Divorcing couples means dividing property

Estimates suggest that more than 2,500 couples divorce each day in the United States. While that represents a lot of heartache, it also represents a lot of headaches when it’s time to divide the household. And oftentimes couples find that the more the heartache, the bigger the headache.

That’s because decision-making can be difficult when emotions run high. It’s important to be able to think rationally about property division. If you can’t, you’ll have a third party — the courts — making those decisions for you.

Here are the basics you need to know.

Wisconsin is a community property state. That means all property, with limited exceptions by statute or prior agreement, is jointly owned by both partners. It also means that both partners are jointly responsible for debt.

The filing date matters. Even though both parties are jointly responsible for marital debt until the time the divorce is finalized, courts will take note of debt accumulated between the filing date and the divorce date. In fact, the divorce filing includes a requirement that neither party incur debt or dispose of property until the divorce is final.

Use doesn’t mean ownership. Wisconsin has a statutory 120-day waiting period before divorces can be finalized. During that time, couples will have rules (sometimes imposed by a family court-issued temporary order) concerning use of certain property. One partner may have use of the family home or use of the truck, but that’s “allocation of use,” not ownership.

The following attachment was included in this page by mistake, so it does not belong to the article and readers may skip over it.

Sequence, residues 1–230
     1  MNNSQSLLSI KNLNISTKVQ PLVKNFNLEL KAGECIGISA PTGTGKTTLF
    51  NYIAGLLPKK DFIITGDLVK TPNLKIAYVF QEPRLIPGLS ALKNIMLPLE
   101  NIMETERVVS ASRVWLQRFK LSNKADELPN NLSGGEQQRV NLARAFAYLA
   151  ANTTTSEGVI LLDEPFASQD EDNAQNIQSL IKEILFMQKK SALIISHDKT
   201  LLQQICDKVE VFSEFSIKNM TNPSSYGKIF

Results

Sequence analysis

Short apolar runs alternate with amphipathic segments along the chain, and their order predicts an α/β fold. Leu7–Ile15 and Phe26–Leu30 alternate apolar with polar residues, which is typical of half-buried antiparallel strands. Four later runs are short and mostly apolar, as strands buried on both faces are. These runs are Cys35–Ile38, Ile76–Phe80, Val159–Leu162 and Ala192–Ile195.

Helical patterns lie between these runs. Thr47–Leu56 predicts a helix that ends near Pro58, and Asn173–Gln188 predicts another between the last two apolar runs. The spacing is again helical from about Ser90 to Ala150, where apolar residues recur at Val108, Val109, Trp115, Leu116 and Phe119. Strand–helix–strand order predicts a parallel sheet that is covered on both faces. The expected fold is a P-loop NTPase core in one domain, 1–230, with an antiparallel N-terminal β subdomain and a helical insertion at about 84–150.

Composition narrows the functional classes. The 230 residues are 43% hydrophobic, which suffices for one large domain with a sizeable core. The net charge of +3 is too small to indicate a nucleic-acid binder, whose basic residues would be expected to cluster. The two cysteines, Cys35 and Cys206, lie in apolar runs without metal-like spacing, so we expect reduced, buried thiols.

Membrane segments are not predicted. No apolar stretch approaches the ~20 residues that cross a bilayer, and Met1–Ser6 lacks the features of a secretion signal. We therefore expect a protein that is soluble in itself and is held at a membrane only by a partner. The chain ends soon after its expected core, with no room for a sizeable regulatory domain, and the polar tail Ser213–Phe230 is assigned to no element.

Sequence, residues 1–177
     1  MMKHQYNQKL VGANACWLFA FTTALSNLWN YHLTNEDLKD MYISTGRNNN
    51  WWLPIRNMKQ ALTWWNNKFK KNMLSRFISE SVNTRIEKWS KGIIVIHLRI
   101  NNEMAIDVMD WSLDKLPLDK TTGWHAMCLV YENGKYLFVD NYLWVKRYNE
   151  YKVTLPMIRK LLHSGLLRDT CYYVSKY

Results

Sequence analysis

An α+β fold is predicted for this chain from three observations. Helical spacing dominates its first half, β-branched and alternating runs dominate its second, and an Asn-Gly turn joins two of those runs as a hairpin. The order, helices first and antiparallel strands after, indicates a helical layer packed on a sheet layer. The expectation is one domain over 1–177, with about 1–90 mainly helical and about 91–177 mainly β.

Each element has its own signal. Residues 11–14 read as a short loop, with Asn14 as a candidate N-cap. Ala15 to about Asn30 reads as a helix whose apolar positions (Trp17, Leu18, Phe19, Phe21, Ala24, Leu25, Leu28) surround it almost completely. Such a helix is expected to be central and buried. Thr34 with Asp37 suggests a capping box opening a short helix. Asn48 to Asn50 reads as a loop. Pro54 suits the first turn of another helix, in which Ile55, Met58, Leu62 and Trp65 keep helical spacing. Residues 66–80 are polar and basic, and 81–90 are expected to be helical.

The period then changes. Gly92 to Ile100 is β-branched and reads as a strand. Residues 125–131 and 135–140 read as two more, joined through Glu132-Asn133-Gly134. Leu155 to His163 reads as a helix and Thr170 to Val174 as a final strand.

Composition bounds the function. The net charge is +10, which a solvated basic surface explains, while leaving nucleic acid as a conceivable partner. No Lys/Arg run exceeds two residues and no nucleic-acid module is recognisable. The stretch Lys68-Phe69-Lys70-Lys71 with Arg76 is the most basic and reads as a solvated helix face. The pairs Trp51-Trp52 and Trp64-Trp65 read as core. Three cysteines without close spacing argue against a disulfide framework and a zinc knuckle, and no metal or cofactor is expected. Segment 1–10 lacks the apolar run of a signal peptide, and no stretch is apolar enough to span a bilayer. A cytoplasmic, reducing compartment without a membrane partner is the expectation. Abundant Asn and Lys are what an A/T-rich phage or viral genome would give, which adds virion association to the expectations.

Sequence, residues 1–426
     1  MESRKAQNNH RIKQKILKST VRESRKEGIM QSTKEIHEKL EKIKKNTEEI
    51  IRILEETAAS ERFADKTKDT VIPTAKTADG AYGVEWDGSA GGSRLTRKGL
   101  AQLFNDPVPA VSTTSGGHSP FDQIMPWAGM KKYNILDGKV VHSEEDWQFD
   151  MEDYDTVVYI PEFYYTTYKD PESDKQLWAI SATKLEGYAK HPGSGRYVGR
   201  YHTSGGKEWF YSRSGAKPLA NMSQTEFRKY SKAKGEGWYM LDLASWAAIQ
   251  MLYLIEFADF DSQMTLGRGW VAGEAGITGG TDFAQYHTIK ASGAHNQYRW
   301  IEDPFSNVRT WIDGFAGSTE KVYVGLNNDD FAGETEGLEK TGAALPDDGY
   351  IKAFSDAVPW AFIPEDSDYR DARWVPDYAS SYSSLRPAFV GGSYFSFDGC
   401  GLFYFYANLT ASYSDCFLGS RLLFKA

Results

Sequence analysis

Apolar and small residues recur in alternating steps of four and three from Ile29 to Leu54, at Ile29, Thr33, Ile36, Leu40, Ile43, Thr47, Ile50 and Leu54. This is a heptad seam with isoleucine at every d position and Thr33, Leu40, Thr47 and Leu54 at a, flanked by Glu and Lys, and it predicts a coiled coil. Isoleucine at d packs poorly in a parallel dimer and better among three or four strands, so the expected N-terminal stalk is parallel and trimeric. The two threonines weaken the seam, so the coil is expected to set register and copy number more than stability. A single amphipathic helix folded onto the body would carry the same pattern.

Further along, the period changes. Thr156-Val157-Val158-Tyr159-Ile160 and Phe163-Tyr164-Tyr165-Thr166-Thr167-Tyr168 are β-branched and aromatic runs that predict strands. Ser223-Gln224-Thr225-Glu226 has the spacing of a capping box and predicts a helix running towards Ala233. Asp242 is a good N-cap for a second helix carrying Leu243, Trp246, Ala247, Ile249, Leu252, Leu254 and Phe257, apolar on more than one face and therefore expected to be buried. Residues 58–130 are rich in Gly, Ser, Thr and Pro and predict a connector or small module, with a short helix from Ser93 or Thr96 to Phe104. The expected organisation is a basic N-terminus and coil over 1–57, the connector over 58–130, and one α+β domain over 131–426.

Exceptions apply. As with any rules, there are exceptions. One of the clearest exceptions to community property is inherited property. If one of the partners receives a gift through inheritance and never comingles it with marital property, it is not subject to division. For example, if you receive a $5,000 inheritance from a parent and use it as a down payment on a house you purchase with your spouse, it becomes marital property. If instead, you deposit the $5,000 into a separate account in your name and keep it there, it would typically remain your individual property.

Short-term marriages are different. Though short-term is not well defined, couples married fewer than five years may be able to retain ownership of property they brought to the marriage. If you own your own home and bring a well-funded IRA to the marriage, for example, you may be able to retain ownership of that property after the divorce.

If your spouse, however, sold property upon entering the marriage and you together used the proceeds of that sale for travel, home improvements or some other joint purpose, the court wouldn’t likely let your partner walk away empty-handed.

Income is income; property is property. When it comes to property, the court will want to assure it was divided evenly. When it comes to income, however, the court will want to see that it is divided fairly. Income is relevant for issues of maintenance (alimony), debts and especially child support. Child support is set by an established formula based on the income of both parents. In determining maintenance and debt, courts will look at each partner’s income, self-sufficiency, age and financial condition, along with the couple’s standard of living during the marriage and other factors to attain fairness.

If you can’t agree, the court will decide for you. Much like parents with squabbling siblings, family courts would rather see couples negotiate their own property settlements. But when you can’t, the court will intercede and decide for you. Clearly, it’s in your best interest to figure out what’s best for you. 


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